For years, high school students have faced the challenge of making two crucial decisions during those final years of school: choosing whether to go for arts or science and the big dilemma of choosing what faculty to attend and what subject to study in university.
The confusion of students does not only come from the lack of knowledge about the different fields of study and the different careers, it is also attributed to the pressure posed by the family who is mostly influenced by obsolete ideas about success in the professional path, according to Ahmed Saeed, co-founder of iSpark.
iSpark was established two years ago with the aim of providing high school students with a full package that allows them to make career related decisions in a stress-free manner. Traverse is one of four programs that iSpark presents, which gives students a glimpse of the different fields they can explore and the activities they can participate in.
The other three programs include the Major Exploration Program, which is where they team up with universities to design short courses dedicated to school students to give them an idea about each field of study, the Career Discovery Program that provides training on presentation skills, interviewing skills and career coaching, and finally, an Entrepreneurship Competition for high school students.
The competition, sponsored by US Aid, is the first of its kind in Egypt that involves teenagers from all over the country.
Few thousands of young high school students gathered in the main entrepreneurial hub, The Greek Campus, as part of the second edition of Traverse to enjoy a day of activities, entertainment, and above all, to gather some insight on their education and career path.
The one-day event included speakers, panel discussions and a talent show, while on campus, there were numerous booths where more than 20 entities that provide extracurricular activities and study programs introduced themselves and what they offer to the participating youth.
The booths scattered around campus bore the logos of IElTS, Sawiris Foundation for Social Development, Farid Khamis Foundation, Basma, MUN, The Insider, Remal, Aiesec and those of many other organizations. They distributed flyers, answered the questions of students and some even provided onsite registry to apply for scholarships.
This year’s speakers at Traverse included actress Salma Abu Deif, Egyptian fashion icons Okhtein, swimming champion Farida Osman, social media comedian Abdel-Rahman Ihab known as Abdoul, renowned photographer Ahmed Hayman and promising singer Abdel-Rahman Roshdy.
The selected speakers were chosen young on purpose so that they have a greater impact on the moral of the even younger participants. “I want to present success stories that high schoolers can relate to and thus believe that success is attainable in the short term,” say Saeed. Each speaker had an important message to convey.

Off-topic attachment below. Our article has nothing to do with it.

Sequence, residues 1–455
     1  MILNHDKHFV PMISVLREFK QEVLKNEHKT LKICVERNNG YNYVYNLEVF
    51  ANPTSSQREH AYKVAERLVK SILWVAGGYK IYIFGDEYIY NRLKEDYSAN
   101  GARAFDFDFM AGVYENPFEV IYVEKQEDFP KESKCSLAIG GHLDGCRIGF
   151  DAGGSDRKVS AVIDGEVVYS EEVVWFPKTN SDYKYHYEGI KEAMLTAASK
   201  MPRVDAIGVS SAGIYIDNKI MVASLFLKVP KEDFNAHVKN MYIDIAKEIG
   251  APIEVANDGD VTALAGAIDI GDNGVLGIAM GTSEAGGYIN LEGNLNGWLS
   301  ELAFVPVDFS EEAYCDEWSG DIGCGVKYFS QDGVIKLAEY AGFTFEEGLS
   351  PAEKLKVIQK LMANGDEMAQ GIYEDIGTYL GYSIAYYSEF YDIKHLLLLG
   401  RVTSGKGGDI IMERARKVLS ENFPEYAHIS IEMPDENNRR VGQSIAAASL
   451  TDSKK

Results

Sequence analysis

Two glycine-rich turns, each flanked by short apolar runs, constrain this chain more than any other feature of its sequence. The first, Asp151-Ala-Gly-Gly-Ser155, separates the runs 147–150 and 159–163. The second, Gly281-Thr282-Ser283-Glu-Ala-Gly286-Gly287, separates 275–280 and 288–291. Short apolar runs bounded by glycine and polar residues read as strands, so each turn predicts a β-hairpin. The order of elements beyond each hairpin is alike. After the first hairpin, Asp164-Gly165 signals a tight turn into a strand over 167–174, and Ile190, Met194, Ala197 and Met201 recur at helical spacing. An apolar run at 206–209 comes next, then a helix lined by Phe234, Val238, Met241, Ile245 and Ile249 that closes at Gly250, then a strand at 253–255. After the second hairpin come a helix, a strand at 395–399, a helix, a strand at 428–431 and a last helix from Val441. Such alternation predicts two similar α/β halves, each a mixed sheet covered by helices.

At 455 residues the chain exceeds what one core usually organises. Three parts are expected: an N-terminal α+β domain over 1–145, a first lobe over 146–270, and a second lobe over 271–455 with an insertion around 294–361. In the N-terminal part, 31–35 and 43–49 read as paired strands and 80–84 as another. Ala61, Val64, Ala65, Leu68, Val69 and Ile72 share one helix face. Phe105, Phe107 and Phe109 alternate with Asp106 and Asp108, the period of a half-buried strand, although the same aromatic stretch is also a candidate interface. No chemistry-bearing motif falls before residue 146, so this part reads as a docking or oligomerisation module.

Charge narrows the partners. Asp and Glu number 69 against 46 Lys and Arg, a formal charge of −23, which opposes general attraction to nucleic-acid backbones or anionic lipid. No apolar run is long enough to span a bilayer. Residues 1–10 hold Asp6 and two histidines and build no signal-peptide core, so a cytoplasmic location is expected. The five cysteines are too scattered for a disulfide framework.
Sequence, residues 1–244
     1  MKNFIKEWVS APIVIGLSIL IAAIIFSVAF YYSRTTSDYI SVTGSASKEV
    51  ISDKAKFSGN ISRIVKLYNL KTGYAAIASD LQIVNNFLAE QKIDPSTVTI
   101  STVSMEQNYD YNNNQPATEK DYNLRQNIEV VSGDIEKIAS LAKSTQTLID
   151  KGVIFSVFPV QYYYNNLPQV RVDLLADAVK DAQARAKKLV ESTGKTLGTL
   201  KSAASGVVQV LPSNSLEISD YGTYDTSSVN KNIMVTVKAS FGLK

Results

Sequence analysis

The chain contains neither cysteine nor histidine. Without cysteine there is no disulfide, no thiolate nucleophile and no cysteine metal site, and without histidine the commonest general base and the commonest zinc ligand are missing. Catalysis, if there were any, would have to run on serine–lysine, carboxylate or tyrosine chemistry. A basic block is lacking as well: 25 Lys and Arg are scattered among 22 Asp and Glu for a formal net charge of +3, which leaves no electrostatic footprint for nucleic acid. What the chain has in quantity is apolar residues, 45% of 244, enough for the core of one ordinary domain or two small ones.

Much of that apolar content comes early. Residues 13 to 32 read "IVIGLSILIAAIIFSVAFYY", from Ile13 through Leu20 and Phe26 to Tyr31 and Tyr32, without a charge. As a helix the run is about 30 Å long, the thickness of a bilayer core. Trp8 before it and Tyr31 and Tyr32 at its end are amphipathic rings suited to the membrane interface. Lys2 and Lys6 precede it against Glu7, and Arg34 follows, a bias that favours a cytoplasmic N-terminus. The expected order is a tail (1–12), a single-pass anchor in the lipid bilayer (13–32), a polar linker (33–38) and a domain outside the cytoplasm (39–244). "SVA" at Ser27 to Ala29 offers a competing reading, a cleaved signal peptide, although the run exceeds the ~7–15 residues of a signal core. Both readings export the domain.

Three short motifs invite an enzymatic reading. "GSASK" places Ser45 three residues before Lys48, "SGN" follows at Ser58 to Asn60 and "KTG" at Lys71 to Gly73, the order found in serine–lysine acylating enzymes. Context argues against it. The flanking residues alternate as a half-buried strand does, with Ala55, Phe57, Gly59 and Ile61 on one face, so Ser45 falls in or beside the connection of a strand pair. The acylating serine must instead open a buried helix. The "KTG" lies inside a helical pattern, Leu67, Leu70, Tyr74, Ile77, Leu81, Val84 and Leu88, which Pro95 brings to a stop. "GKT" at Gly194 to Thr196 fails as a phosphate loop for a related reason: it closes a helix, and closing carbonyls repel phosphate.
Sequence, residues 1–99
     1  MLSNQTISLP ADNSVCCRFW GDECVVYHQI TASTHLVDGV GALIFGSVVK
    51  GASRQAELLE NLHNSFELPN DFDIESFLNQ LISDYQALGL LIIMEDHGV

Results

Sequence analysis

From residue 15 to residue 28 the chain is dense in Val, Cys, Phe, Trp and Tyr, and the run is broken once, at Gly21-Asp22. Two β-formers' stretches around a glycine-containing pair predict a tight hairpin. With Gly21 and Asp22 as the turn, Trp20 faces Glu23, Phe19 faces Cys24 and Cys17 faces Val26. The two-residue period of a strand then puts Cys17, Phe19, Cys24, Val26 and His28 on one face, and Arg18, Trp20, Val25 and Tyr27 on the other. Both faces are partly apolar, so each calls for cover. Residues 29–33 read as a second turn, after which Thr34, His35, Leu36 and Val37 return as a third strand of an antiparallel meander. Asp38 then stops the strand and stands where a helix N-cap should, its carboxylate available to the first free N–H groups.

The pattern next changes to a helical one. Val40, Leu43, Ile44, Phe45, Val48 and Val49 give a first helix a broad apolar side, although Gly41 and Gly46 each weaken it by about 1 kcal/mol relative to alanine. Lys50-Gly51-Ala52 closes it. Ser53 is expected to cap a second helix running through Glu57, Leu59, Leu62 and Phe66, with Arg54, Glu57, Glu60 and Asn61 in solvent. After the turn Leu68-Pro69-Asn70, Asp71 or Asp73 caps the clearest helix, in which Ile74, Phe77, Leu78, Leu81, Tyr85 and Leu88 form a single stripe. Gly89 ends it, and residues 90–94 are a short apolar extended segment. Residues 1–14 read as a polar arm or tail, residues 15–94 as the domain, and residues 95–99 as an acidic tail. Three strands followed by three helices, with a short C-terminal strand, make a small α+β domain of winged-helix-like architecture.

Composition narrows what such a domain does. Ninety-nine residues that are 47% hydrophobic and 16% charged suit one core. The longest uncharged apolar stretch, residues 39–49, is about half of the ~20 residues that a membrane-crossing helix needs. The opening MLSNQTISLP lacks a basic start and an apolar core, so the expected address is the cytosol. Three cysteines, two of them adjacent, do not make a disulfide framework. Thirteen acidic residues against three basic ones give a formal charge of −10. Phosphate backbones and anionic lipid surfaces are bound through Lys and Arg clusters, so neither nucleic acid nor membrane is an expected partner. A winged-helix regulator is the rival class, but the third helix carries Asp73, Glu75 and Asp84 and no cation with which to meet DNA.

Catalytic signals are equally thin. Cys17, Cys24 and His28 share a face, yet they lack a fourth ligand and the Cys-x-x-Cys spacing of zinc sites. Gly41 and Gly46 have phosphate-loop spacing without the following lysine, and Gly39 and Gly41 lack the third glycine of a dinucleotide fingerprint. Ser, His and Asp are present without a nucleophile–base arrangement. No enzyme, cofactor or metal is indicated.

“Nothing comes easy but hard work pays off,” says Mounaz Abdel-Raouf, one of the two sister founders of Okhtein, a high-end Egyptian handbags brand that is gaining popularity locally and internationally. The sisters behind the brand are Mounaz and Aya, 26 and 25, who are great role models for women entrepreneurs.
In their speech, they mention that they had a vision and started out on their own on a very low budget. Aya explains that when they started out their company, she realized they knew nothing about business, “luckily, my younger brother had started studying business and I studied with him, going through his presentations and books. This helped us a lot together with Mounaz’s knowledge of marketing.”
Okhtein’s international success that manifested in pictures of celebrities wearing their designs brought them a lot of popularity at home. They won first prize in the first Vogue Arabia Competition last year.
“Okhtein focuses on philanthropy; we make it a point to give back to the community and we work with many NGOs in Stabl Antar, El-Duwaika and Fayoum,” says Mounaz.
Rising Sufi singer Abdel-Rahman Roshdy has a similarly interesting story. He discovered his talent at the age of 19 when he had already started studying marketing. However, he trained on his own, produced songs and set an objective to meet with the famous band Cairokee.
“I followed them for two years until I decided to go knocking on their door. I went to their studio and told them that I wanted to sing. I was lucky enough that they gained interest in my work, and I joined them in an event with 8,000 spectators called “Sound Clash” in March 2015, which was my first time on stage. I sang a Sufi song on rock music and it was mostly improvised,” says Roshdy.
From then onwards, he became recognized and started focusing more on his talent, which brought about many other opportunities. What characterizes Roshdy is his passion for Sufi chants and his dream of developing a new genre mixing it with modern music to make it more appealing to the youth.
Saeed speaks of the daily activities of iSpark partners with much enthusiasm, explaining how they hold up to seven meetings a day to enlarge their network of partners and make a real change. He concludes that they are focusing on the change of culture, “young people experience a very high level of exposure, and through the internet, they can get the best curricula in the world, but the social norms still stop them from studying what they love and choosing their career path freely.”
Giving the youth a platform that will help them make these important life decisions of where and what to study, and what they want their career to be, is essential. Traverse offers just that, giving them the motivation and support they need during those late school years.